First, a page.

Pentagon Budget Pursues 'Arsenal Plane,' Swarming Drones

 - February 2, 2016, 11:55 AM
An electromagnetic railgun, capable of firing projectiles at 4,500 mph, was displayed last year in Washington, D.C. (Photo: Bill Carey)

The U.S. Department of Defense (DOD) will seek a $582.7 billion Fiscal Year 2017 budget that includes research and development spending on a new “arsenal plane,” swarming autonomous micro drones, and “gun-based” missile defense. A week ahead of its release by the Obama administration, Defense Secretary Ash Carter provided a sketch of the budget on February 2 during a speech in Washington, D.C.

The Pentagon seeks to spend $71.4 billion on research and development in the budget, Carter told The Economic Club of Washington, D.C. He described several projects being pursued by the Pentagon’s Strategic Capabilities Office (SCO), an entity that he created while serving as deputy secretary of defense in 2012 to rapidly field existing systems with new capabilities.

One SCO project, the arsenal plane, “takes one of our oldest aircraft platforms and turns it into a flying launch pad for all sorts of different conventional payloads,” Carter said. “In practice, the arsenal plane will function as a very large airborne magazine, networked to fifth-generation aircraft that act as forward sensor and targeting nodes, essentially combining different systems already in our inventory to create wholly new capabilities.”

The SCO is also developing swarming, autonomous vehicles that will operate as groups in multiple domains. “In the air they’ve developed micro drones that are really fast, really resistant,” Carter said. “They can fly through heavy winds and be kicked out the back of a fighter jet moving at Mach 0.9, like they did during an operational exercise in Alaska last year, or they can be thrown into the air by a soldier in the middle of the Iraqi desert.” The miniature drones make use of some commercial and 3D-printed components, he added.

Another project for gun-based missile defense foresees using hyper-velocity smart projectiles such as envisioned for the developmental electromagnetic rail gun for “point defense” by the Army’s Paladin self-propelled howitzer and the 5-inch guns on Navy destroyers. Carter said the Pentagon recently fired such a projectile from the Paladin. A fourth SCO effort focuses on augmenting the targeting capability of precision-guided small diamter bombs. “This will eventually be a modular kit that will work with many other payloads, enabling off-network targeting through commercial components small enough to hold in your hand like your phone,” Carter said.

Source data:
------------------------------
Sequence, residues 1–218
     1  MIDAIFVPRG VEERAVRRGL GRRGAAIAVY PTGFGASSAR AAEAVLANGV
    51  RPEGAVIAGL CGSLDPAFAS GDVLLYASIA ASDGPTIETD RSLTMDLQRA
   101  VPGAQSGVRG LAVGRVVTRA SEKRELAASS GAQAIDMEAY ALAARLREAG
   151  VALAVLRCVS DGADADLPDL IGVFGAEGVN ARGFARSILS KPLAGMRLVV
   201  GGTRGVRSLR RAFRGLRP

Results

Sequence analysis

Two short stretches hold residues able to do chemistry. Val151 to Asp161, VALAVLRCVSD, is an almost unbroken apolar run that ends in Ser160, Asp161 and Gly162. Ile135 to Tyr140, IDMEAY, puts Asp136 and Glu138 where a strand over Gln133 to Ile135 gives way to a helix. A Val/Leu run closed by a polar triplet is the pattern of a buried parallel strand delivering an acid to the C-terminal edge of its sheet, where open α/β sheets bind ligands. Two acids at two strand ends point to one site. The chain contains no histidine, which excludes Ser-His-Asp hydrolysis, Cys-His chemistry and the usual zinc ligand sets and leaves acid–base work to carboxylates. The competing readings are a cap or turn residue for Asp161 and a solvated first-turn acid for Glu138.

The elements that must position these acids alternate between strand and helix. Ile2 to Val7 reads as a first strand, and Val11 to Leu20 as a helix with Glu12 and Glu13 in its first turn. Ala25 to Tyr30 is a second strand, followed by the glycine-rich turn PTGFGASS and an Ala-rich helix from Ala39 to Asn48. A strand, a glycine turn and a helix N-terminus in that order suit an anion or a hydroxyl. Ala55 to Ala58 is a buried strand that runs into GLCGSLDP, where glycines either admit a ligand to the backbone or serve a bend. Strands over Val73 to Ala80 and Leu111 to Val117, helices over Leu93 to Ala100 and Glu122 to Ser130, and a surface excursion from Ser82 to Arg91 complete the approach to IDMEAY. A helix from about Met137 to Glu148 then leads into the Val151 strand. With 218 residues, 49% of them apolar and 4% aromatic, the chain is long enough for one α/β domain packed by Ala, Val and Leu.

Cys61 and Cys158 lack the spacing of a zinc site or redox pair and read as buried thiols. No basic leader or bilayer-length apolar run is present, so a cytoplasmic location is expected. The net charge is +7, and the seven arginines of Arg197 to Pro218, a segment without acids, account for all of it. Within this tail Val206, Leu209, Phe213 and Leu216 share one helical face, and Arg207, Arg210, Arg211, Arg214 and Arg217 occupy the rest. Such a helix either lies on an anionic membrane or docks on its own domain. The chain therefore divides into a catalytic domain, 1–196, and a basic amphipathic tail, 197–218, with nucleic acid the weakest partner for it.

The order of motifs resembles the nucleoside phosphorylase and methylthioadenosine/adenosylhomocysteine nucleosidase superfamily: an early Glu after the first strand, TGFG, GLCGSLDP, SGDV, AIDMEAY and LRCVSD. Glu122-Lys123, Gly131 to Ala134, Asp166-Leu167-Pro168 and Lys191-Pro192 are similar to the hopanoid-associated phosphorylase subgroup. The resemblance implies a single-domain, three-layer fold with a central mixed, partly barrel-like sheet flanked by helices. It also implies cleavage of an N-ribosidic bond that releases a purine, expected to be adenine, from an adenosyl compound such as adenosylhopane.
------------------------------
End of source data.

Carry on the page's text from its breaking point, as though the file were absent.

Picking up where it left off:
Within the FY2017 budget, the DOD will also seek $1.8 billion to acquire 45,000 additional GPS-guided smart bombs and laser-guided rockets to resupply the campaign against Islamic State, or ISIL, militants. It plans to defer until 2022 retiring the A-10 Thunderbolt II close air support jet, “which has been devastating to ISIL from the air,” Carter said.

The defense secretary did not mention reported plans by the Navy to refashion its unmanned carrier launched airborne surveillance and strike (UClass) requirement as an aerial refueling platform. Defense News first reported that the Navy will develop a carrier-based aerial refueling system—or CBARS—settling a debate over whether the UClass aircraft should be primarily a strike or a surveillance platform.

Last April, the service demonstrated the capability of the Northrop Grumman X-47B unmanned aircraft to receive fuel from an Omega K-707 tanker while flying off the coast of Maryland and Virginia.